Highlights from Chinese commercial sector report and their implications for Southeast Asia (Part 1)

In the first of a two-part dispatch, we visit some of the regulatory changes that China will implement in 2019, and how that will impact Southeast Asia.

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Highlights from Chinese commercial sector report and their implications for Southeast Asia (Part 1)

With a slowing economy in China amid an ongoing trade war with America, China’s retail sales growth for 2019 is expected to decline to around 9%, says Hong Kong-based Fung Business Intelligence in its “China’s Commercial Sector” report. However, there are also opportunities within the Chinese commercial market—the Chinese government has been actively seeking ways to stimulate domestic consumption and expand imports, such as reducing reserve ratio requirements and implementing tax cuts.

The report highlights key developmental trends that we should expect in China this year. Here are three predictions on regulatory developments that will take place in the country:

A new e-commerce law will improve market regulation

Merchants selling knock-offs have long since left dingy street markets and moved online. As e-commerce platforms face pressure to protect intellectual property rights, the Chinese government is passing a new law to hold these operators liable along with online vendors that sell counterfeit products. Operators like Alibaba, Pinduoduo, and JD.com now have more reason than ever to ensure that listings for fake goods are taken offline, and in turn, clean up China’s reputation of being a major source for counterfeits.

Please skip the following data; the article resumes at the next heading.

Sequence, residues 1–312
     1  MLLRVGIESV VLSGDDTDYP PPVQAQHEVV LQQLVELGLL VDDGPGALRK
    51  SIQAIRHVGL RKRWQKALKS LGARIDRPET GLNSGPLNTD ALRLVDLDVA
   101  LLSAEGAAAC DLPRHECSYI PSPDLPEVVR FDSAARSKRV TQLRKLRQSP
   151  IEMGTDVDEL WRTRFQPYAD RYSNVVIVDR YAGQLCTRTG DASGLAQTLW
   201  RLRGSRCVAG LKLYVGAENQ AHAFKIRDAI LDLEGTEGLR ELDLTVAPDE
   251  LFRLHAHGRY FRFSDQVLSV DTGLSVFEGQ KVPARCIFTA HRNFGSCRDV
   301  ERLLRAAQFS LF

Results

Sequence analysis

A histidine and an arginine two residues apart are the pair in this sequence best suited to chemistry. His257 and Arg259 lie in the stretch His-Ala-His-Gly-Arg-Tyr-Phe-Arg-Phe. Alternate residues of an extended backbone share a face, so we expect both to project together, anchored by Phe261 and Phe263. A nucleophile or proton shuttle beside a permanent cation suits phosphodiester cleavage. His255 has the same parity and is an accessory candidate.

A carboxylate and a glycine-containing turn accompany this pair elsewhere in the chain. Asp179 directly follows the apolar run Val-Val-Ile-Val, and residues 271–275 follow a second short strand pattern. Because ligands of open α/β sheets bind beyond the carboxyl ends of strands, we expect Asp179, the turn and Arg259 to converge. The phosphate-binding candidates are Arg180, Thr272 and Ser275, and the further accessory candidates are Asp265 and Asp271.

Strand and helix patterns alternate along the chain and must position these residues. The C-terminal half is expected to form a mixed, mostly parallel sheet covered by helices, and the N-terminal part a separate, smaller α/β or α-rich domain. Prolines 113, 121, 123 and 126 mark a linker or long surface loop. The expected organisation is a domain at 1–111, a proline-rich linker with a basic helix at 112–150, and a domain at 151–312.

Increased global sourcing and imports will boost the quality of life

China has fashioned itself as a champion of globalisation as a vacuum remains in global economic leadership. Its government is seeking higher levels of imports, and enterprises are following suit. For Chinese businesses to stand out, they must seek out new products and services from across the globe and use technology to optimise supply and demand. In turn, consumers can take advantage of better value for imported goods.

Spending by the ballooning middle class in China is one of the biggest counters against slowing growth in the country. The government’s pledge to boost imports will, in theory, bring in more high-quality foreign products for a segment of the population whose disposable income is increasing.

China’s government will launch expansionary measures to foster a conducive business environment

To alleviate external economic pressures, the Chinese government will implement policies that reduce the costs of running a business. It will introduce value-added tax reductions, raise the minimum threshold for personal income tax, cut electricity consumption costs for businesses, and reduce reserve ratio requirements.

 

What do these developments mean for Southeast Asia?

It may be cliché to say that when China sneezes, the world catches a cold. But the adage holds true. After the United States and China ramped up tariffs in their ongoing trade war, the Asian Development Bank noted that some of Southeast Asia’s export economies—including Singapore, Thailand, Malaysia, and the Philippines—saw slowing growth on an annual basis from July to September last year.

In the same vein, a recent report by the Institute of Chartered Accountants in England and Wales’ on Southeast Asia predicts that the region’s economic growth will slow to 5% in 2019.

Even as China butts heads with America, Fung Business Intelligence’s report indicates that the Chinese government will implement expansionary fiscal measures to spur consumption and make it easier to do business. One upside is obvious: export economies like those in Southeast Asia will also benefit from the Chinese government’s decision to increase imports and services to US$30 trillion and US$10 trillion, respectively, in the next 15 years.

Editor: Brady Ng